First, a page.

Neoclassical realism theory

The notion of neoclassical realism

The notion of neoclassical realism is founded on realist foundations in international relations theory. Realist theories have attempted to achieve an understanding of global reality by focusing on state conflict and power relations. Gideon Rose proposed the theory in 1998. (Rose 145). There are, however, other explanations for war and conflict, national politics, and human nature. To be more specific, neoclassical realism is basically intended to describe different countries’ foreign policies at both the national and international levels (Lobell, Ripsman, and Taliaferro, eds. 90). Therefore, proponents of this theory assert that it is able to bridge the gaps witnessed in the realism theories particularly in regards to predicting and explaining the foreign policy. On the other hand, critics suggest that it does not explain the behaviours of the countries in the global arena.

Neoclassical realism claims

Neoclassical realism claims that the actions of a particular nation in the global structure can be described by systemic factors including the capacity for power distribution among countries. It is also referred to as foreign policy theory since it provides a framework where a clear image of any state’s international policy can be acquired (Lobell, Ripsman, and Taliaferro, eds. 93). Neoclassical realism obtains the theoretical perspectives and rigor from the Waltz’s neorealism without eliminating the pragmatic understandings of global politics. Proponents of this theory reiterate that the foreign policy of any state is essentially fuelled by its place in the global structure and its comparative power (Dueck 127). Moreover, neoclassical realists contend that the system cannot be unwaveringly affected because the system is an independent variable. In this regard, any impact to be applied to the system must be generated from an intervening variable (Rose 146). The impact of the power proficiencies on foreign policy is complex and indirect since systemic pressures should be interpreted via intervening stage.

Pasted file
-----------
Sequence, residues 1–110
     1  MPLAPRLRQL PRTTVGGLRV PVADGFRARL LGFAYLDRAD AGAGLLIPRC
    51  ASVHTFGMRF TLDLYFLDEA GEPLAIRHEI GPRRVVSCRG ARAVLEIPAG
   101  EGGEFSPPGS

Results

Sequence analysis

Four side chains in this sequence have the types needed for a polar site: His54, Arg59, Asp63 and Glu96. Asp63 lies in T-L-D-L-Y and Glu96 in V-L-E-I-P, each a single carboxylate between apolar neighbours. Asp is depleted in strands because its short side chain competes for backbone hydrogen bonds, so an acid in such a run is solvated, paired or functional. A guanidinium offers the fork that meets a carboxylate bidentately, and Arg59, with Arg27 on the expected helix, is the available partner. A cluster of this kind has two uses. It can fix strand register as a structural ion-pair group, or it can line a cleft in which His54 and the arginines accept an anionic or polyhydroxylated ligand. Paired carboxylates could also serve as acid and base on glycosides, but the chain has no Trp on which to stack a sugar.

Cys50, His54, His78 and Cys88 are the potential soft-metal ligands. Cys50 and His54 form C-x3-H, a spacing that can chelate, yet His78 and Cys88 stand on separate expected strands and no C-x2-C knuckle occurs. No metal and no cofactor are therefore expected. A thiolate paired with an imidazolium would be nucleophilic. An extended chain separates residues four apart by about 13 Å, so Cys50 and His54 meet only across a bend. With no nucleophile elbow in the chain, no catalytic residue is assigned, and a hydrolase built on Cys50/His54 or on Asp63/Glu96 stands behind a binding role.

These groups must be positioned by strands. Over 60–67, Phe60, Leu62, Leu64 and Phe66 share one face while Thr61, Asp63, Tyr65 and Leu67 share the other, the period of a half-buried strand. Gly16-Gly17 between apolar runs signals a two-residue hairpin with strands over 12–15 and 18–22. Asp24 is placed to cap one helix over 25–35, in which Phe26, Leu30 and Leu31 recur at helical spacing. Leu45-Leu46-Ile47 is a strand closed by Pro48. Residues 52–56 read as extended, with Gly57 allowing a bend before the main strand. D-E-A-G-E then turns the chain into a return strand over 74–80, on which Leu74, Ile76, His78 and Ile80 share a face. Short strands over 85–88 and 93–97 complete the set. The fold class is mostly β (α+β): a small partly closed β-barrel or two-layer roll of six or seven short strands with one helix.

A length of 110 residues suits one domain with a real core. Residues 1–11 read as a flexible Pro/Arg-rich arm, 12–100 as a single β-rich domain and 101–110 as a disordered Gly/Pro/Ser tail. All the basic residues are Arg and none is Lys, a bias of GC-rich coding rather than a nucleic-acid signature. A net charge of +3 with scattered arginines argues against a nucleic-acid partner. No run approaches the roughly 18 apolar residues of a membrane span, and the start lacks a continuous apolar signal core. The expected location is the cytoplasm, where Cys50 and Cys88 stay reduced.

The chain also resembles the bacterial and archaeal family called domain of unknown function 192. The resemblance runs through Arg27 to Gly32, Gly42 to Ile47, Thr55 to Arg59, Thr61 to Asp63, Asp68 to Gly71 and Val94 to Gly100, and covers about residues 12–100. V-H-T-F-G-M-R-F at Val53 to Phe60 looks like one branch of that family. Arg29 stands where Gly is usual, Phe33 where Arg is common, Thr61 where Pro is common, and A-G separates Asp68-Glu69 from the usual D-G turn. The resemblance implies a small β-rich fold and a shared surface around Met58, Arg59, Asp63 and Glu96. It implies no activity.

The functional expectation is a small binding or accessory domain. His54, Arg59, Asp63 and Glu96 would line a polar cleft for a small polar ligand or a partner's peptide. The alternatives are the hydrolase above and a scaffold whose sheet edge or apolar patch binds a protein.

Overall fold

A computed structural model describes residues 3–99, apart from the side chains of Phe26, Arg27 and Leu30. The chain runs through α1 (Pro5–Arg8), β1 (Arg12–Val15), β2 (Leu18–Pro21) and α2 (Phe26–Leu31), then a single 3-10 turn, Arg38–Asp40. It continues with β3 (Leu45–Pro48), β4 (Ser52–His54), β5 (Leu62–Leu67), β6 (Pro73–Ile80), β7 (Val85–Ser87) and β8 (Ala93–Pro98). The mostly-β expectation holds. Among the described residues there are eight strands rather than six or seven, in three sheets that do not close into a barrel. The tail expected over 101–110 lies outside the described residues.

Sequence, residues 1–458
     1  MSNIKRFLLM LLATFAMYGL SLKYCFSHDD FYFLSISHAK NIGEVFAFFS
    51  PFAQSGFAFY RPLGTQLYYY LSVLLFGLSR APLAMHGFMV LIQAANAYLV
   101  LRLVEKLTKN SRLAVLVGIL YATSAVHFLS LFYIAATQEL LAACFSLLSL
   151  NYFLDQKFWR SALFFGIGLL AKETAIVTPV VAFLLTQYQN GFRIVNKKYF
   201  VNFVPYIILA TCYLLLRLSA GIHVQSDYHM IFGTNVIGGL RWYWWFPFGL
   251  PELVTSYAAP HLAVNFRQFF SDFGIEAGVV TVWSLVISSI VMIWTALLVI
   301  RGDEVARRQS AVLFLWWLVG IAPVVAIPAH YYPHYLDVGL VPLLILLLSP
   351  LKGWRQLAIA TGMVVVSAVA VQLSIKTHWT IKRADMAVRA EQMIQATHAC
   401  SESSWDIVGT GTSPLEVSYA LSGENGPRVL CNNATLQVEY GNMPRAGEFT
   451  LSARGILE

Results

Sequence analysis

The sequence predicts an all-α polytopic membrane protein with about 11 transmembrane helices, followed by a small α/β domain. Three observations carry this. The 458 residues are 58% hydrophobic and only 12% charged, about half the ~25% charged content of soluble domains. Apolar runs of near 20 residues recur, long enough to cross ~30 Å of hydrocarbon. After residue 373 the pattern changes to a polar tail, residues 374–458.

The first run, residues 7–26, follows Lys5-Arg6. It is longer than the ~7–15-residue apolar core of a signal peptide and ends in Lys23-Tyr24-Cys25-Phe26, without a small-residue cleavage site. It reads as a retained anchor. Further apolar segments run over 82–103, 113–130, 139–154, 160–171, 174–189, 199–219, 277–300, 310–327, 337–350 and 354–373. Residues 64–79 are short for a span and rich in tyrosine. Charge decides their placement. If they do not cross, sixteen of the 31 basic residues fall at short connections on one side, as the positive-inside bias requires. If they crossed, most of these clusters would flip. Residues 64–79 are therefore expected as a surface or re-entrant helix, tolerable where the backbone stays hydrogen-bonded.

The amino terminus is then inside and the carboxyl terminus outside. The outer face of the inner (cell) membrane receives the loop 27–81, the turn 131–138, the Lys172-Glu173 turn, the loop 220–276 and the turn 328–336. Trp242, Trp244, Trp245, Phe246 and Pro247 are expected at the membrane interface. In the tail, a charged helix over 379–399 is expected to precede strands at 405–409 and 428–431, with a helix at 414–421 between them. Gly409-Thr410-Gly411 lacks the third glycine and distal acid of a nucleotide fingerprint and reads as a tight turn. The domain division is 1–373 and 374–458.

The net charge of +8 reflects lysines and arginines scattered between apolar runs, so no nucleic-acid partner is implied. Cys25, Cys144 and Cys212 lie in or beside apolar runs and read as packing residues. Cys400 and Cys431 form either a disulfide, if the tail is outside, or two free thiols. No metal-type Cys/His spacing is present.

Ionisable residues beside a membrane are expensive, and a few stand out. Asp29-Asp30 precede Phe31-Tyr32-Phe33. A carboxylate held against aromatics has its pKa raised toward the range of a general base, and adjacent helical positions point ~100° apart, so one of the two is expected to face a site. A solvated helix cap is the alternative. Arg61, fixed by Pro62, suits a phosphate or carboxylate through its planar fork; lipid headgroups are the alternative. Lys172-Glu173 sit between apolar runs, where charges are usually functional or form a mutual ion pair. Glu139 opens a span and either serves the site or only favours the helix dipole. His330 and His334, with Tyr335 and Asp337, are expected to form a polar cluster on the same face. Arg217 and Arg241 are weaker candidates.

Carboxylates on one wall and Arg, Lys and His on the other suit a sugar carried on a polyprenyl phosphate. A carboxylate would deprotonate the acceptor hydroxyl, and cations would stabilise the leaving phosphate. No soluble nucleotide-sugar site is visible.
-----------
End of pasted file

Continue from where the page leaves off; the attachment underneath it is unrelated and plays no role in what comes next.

Advocates reject the assumptions by neorealist

Its advocates reject the assumptions by neorealist that the pressures emanating from the system are instantly transferred into actions. The neoclassical realist theory delivers a more candid and interlinking chain between the relative power of a country in the anarchic system, the local-level factors and its outcomes of foreign policy (Lobell, Ripsman, and Taliaferro, eds. 94). The local-level variables refer to the enabling or intermediate sections of the chain. For instance, the elite or political leaders’ perceptions are part of the variables, which affect the distribution of power. In addition, neoclassical realists affirm that political leaders are the key actors hence there insights are critical. However, this argument originated from classical realism theory (Rose 146). Neoclassical realist’s philosophers demonstrate the significance of the insights based on the case of the Soviet Union and the United States during the Cold War. In this regard, the two powers construed their real strengths inversely leading to different reactions. Therefore, their actions were confliction to the predictions of the neorealist that “states” with a comparable position in the structure would respond in the same manner to systemic pressures. Others argue that for this prediction, it is not accountable to the motivation and interests of the states, which are critical intermediate variables (Dueck 129). Additionally, limitation of the domestic power also serves as the local variable. Most importantly, this variable determines how the pressure groups and public opinion influence the ability of the state to gather the optimal resources from its people (Lobell, Ripsman, and Taliaferro, eds. 99).